Something that would help to reinforce this is a domestic shrine. This is a visible focus in the home for prayer and the Eastern practice of creating and icon corner is particularly good for this. (I have written about this in a posting called How to Make and Icon Corner and Create a Domestic Church.) I will never forget seeing an Orthodox family doing their night prayers in front of the icons. The father led the prayers and all sang together or took their turn singing their prayers in the simple but robust Eastern tones. What impressed me was how all the children right down to the youngest who was four, wanted to take their turns and emulate their father. At one point two of the children argued about whose turn it was and Dad had to come in and arbitrate! They had a small incense burner burning and several long slender orange ochre beeswax candles burning in front of the icons. Each stood in reverence, facing the icon corner, occasionally crossing themselves. All the senses and faculties, it seems were directed for prayer as part of and on behalf of the family.
The families who have resolved to do this say to me that full family involvement is not always possible. It is inevitable that often family members will be too busy to join in and some will not want to. Nevertheless, the father resolved to make it clear that he was committing to regular prayer for the family and that all family members were invited at least to join in, so even if the prayer took place with only the father taking part, he was prepared to make that sacrifice on behalf of his family. And when the father is not with the family, for example if at work, he still strives to follow that liturgical rhythm of prayer and when does so, he does so on behalf of his family still.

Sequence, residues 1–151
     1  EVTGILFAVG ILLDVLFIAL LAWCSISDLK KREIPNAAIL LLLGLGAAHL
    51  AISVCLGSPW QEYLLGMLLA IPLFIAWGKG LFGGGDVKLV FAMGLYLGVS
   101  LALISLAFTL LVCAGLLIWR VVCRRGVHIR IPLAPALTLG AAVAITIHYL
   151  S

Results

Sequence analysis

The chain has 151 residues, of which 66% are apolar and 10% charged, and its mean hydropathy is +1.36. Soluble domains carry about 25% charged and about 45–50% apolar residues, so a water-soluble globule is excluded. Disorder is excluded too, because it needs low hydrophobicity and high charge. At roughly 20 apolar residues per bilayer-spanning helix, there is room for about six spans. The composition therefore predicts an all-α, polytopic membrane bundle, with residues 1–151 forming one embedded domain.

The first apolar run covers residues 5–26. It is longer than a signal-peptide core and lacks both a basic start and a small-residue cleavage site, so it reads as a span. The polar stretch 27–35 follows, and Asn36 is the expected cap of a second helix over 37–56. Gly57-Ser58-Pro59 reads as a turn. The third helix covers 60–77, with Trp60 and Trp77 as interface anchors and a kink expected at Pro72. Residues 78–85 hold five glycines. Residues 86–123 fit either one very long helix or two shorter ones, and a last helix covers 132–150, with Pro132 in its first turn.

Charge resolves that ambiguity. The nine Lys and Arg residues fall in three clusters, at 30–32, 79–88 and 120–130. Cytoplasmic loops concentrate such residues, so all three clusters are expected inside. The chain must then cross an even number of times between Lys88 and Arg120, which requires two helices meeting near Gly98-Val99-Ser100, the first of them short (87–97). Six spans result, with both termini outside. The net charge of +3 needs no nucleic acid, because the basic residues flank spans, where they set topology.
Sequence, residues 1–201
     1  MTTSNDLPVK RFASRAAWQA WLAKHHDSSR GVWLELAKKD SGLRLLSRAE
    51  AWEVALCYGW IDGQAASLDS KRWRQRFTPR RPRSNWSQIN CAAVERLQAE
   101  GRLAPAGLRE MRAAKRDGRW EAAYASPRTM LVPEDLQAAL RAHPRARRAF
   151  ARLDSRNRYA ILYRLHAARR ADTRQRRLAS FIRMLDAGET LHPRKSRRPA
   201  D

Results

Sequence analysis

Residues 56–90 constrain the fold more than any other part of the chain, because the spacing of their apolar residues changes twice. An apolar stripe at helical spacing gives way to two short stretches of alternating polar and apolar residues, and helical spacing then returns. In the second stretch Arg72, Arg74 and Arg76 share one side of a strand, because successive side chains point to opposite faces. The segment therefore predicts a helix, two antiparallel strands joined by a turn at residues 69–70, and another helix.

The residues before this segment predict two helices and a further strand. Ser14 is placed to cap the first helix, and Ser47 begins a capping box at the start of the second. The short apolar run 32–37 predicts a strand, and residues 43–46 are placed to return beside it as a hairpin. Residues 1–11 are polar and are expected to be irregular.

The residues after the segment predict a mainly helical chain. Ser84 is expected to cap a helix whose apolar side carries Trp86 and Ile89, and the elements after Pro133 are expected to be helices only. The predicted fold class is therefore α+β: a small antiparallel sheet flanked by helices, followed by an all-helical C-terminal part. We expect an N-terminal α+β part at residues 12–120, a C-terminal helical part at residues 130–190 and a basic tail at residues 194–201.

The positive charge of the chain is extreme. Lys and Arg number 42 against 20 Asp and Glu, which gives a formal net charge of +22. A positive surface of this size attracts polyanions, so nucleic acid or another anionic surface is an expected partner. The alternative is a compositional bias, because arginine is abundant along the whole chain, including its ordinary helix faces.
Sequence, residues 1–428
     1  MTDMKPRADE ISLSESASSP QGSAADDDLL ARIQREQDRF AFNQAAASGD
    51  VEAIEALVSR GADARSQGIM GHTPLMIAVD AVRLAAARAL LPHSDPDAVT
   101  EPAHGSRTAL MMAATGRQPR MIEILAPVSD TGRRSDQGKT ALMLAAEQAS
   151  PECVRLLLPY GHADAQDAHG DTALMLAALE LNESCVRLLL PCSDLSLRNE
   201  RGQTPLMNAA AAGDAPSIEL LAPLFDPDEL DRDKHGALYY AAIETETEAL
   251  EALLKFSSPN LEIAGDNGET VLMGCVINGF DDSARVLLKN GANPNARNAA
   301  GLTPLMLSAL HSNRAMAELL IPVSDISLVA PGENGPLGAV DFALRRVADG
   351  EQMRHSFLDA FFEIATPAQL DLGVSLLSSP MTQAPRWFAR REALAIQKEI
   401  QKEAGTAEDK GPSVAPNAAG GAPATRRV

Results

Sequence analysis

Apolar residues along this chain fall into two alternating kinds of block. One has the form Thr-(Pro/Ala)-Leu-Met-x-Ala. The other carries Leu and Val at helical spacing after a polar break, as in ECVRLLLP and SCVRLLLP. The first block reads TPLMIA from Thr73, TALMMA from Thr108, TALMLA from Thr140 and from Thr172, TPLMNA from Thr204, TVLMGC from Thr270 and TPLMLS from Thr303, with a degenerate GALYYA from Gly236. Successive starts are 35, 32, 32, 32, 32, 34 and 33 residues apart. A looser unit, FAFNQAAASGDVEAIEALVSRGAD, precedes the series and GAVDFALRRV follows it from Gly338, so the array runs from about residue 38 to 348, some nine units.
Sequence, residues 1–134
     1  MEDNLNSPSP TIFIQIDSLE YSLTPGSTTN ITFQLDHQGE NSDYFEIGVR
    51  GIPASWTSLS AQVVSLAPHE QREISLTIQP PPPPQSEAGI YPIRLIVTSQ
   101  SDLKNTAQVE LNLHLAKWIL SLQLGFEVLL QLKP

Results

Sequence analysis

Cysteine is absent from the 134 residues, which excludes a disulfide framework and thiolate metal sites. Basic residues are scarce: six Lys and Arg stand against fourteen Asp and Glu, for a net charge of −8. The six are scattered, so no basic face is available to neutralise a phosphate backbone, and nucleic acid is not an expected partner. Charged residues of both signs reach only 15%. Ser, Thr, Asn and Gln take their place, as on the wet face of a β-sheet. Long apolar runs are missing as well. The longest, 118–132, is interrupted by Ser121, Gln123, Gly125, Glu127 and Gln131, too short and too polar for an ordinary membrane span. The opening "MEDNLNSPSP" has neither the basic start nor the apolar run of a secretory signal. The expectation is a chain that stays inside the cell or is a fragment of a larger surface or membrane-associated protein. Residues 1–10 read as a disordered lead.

I am not a father, but when I pray the liturgy of the hours I do try to remember to think of myself as participating in some way on behalf of my family and the various social groups that I am a member of, including work. Through my personal relationships, those groups are present in the liturgy, to some degree, when I am. It is one way I can emulate Our Lord by participating in His sacrifice, and make a sacrifice for those with whom I relate. My hope is that will play a small part in bringing God’s grace into these groups of people so that they might become communities supernaturally bound together in love. In my prayers, every morning, I consciously dedicate my liturgical activity to all those groups and with whom I am connected so I think of myself as representing my family, my friends, my work, the Church, social groups and so on, perhaps naming any individuals that are on my mind at that time. if, during the day I am not in a position to recite an hour, which can be often, I try mentally to mark the hour with a small prayer to maintain that sense of rhythm.
Images: top two are both paintings of the Holy Family by Giuseppe Crespi painting around the 1700; below: the Nativity with God the Father and the Holy Ghost by Giambattista Pittoni, Italian, 17th century
This is one of a series of articles about the Liturgy of the Hours. For the others click tag ‘Divine Office’ on the right.
Learn to chant the liturgy of the hours in a simple yet beautiful form – so simple you will be able to teach the whole family sing with you: Thomas More College Summer Program.
 Scott Hahn, Letter and Spirit, pub DLT, p28